Lone worker smartwatch app

01 July 2015

Lone workers faced with potentially dangerous situations will be able to call for help on their watch – thanks to a new wearable app developed by Peoplesafe.

The Peoplesafe app means wearers can activate a Red Alert simply by swiping the screen on their smartwatch or by the voice command ‘Ok Google, Red Alert’.

Jake Adams, product manager at lone worker experts Peoplesafe, said: "This is the first product of its kind. We are continually looking at ways to harness technology to keep lone workers and vulnerable people safe.

"But we also need to make sure we maintain our highest standards and not just come up with some sort of gimmick. All our equipment needs to work out in the field and be reliable when people really need it.”

Using the latest in wearable technology provided by Sony, the Smartwatch3, Peoplesafe has developed the app which works on the Android Wear platform. The watch has to be connected to a smartphone by Bluetooth, and the smartphone must be running the compatible lone worker app provided by Peoplesafe.

As well as being able to activate a Red Alert on the smartwatch, wearers will be able to set an Amber Alert with a timer. When entering an unknown or risky situation or location, the user can set an Amber Alert timer using the controls on the watch face or by using the voice command ‘Ok Google, set me a timer for 30 minutes’ This timer is monitored to check the user is safe and well.

The app is currently being trialled by Peoplesafe, with a view to being available on the Android Play Store later this summer. It will be demonstrated at the Safety and Health Expo at Excel in London from June 16 – 18 at the Peoplesafe stand, number M2050.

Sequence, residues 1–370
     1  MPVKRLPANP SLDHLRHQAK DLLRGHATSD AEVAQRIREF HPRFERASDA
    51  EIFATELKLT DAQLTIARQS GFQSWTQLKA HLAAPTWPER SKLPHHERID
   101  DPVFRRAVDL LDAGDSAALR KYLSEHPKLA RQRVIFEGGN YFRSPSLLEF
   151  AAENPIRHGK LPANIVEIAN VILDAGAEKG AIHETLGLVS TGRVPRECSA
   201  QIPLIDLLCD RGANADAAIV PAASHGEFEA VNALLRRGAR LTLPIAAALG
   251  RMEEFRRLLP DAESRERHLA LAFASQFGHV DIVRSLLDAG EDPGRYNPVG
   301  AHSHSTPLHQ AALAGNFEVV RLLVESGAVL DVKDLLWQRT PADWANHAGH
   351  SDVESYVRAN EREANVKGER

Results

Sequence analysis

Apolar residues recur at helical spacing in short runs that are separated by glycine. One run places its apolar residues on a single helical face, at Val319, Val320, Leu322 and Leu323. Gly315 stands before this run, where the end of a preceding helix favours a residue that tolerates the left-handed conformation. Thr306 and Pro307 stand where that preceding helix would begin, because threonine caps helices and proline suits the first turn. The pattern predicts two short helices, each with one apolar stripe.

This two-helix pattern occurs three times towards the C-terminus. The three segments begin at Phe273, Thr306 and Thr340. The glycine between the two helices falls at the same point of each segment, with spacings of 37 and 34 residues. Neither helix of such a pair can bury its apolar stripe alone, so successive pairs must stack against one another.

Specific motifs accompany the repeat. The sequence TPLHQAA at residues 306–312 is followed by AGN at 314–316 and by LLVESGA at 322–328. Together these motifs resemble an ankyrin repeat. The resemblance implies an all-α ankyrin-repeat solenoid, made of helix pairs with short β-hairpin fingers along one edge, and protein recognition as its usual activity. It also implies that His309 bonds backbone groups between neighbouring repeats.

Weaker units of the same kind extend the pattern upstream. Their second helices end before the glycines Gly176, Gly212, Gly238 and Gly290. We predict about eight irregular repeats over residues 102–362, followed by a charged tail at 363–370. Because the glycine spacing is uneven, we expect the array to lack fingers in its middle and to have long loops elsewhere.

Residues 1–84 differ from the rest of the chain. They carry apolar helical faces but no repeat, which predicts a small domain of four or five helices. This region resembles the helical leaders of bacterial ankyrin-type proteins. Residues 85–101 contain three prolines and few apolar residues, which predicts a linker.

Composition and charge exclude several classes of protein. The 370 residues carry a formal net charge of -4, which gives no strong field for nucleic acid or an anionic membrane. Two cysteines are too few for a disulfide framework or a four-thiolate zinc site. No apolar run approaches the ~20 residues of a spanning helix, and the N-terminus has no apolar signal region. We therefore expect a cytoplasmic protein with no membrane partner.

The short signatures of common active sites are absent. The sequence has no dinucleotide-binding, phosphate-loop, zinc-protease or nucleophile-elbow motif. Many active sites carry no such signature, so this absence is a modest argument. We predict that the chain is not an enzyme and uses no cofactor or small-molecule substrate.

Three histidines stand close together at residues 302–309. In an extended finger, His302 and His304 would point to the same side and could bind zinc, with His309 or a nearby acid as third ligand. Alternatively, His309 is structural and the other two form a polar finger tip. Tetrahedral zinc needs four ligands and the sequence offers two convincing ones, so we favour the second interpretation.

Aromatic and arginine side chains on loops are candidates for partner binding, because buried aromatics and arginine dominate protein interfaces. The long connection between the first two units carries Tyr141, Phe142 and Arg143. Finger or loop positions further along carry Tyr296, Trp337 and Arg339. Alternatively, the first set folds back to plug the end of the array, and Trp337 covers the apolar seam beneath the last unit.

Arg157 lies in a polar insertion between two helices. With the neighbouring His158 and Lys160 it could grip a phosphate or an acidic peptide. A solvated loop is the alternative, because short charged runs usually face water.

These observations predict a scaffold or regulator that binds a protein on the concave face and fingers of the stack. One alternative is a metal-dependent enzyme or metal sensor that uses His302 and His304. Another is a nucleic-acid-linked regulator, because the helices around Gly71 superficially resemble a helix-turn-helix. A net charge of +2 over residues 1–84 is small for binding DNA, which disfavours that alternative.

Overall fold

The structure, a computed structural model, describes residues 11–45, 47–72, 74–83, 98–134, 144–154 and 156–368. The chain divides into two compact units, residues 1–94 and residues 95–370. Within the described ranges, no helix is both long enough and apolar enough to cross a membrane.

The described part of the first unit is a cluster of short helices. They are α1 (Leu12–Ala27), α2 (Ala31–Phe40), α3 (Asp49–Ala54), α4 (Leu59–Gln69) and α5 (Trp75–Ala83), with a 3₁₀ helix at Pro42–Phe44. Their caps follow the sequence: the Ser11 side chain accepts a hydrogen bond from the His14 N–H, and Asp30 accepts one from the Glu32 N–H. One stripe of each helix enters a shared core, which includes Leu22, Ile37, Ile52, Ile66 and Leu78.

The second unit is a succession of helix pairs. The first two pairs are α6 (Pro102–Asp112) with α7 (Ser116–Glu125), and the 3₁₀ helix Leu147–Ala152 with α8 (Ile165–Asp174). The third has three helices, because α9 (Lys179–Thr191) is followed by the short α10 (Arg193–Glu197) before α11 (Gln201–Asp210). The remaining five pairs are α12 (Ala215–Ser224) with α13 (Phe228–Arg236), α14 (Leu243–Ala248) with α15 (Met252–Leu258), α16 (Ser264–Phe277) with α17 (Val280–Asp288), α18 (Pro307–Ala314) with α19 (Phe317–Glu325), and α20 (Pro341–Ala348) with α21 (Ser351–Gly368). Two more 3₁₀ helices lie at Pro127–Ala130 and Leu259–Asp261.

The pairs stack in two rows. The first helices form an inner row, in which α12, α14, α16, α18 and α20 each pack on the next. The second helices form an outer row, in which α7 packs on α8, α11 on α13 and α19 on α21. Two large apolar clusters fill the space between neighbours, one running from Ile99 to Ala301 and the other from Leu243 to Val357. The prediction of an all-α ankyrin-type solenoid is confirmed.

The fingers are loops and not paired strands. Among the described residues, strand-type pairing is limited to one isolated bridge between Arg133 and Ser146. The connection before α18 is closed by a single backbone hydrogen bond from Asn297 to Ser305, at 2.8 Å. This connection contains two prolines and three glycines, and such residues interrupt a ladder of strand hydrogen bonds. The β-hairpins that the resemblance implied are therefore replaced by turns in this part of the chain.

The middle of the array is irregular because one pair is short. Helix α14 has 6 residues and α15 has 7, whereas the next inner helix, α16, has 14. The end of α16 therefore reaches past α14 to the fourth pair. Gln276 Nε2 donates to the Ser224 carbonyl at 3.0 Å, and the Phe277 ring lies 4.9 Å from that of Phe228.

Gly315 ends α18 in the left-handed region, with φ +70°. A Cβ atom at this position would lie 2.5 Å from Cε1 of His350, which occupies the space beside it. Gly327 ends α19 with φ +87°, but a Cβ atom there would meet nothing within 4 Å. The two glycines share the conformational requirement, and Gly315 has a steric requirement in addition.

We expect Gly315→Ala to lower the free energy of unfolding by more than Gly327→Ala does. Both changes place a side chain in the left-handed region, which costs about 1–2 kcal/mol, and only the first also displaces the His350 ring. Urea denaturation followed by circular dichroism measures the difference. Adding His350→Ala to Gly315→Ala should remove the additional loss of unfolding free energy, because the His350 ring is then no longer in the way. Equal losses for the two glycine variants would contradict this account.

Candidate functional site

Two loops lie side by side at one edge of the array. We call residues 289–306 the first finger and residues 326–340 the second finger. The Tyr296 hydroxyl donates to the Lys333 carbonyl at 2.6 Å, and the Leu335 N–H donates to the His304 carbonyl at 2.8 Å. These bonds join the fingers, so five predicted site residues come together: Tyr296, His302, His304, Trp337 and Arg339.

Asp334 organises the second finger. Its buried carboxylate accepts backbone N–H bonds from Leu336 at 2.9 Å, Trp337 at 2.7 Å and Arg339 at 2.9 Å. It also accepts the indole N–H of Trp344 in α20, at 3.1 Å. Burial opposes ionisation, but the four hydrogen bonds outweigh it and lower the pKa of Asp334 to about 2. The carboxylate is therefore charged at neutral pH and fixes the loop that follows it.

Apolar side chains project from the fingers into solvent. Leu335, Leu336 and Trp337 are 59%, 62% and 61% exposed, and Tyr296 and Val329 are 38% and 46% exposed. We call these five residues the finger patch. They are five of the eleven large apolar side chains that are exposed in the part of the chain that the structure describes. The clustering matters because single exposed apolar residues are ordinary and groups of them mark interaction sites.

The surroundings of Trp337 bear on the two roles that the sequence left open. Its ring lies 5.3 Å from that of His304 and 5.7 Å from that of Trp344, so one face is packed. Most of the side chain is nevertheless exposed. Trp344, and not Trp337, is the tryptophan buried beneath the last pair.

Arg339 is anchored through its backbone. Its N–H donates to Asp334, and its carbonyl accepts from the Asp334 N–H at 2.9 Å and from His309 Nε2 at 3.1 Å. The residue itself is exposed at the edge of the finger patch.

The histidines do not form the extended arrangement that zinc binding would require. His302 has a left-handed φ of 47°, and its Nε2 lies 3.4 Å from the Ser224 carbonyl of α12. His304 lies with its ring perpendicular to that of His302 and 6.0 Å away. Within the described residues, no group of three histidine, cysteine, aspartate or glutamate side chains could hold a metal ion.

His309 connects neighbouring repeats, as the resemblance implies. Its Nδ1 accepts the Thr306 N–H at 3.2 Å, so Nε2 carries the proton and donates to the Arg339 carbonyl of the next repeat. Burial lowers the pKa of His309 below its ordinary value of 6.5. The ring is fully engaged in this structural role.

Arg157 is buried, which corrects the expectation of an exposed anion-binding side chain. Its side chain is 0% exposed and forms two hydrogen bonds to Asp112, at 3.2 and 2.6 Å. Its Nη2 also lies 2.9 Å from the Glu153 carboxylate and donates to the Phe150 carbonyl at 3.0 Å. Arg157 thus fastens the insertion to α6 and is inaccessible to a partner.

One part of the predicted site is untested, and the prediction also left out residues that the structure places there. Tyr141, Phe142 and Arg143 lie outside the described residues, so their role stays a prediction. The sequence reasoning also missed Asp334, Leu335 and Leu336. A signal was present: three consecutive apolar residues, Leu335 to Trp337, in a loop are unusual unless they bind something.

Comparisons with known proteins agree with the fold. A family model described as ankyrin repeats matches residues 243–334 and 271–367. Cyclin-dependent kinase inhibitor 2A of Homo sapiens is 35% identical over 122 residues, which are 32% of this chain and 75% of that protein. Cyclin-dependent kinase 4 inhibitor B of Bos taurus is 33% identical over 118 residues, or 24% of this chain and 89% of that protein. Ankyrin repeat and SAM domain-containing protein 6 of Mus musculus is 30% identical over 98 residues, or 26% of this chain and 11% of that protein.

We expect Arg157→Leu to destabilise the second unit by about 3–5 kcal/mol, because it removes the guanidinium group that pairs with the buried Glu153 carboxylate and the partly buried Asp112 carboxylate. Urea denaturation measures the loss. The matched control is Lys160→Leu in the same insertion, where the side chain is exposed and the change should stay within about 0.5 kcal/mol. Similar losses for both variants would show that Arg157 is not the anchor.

Peoplesafe, which has its headquarters in South Yorkshire and offices in Ireland and London, is one of the UK’s leading providers of equipment, training and monitoring services for lone workers. It provides an NSI Gold accredited service; the highest possible industry recognition.

Other equipment supplied by Peoplesafe includes the Identicom, which looks like an ID badge, but has a discreet Red Alert activation button on the back, and other portable devices, such as rugged mobile phones, with man-down and GPS functionality.

Jake said: "At Peoplesafe we know there is no one size fits all answer to lone worker safety. The device that people use depends on a number of factors such as are their job role and need for discreet equipment or whether they are behind the scenes but going into hazardous areas.

"We see this wearable technology as being suitable for engineers, logistics and retail staff and housing association employees, but it could also work for people in the financial services and individual users.”

It’s estimated there are 6.8 million lone workers in this country, ranging from lorry drivers and social workers to shop assistants and farm workers.

Peoplesafe’s clients include a range of major retailers, house builders and facilities management companies.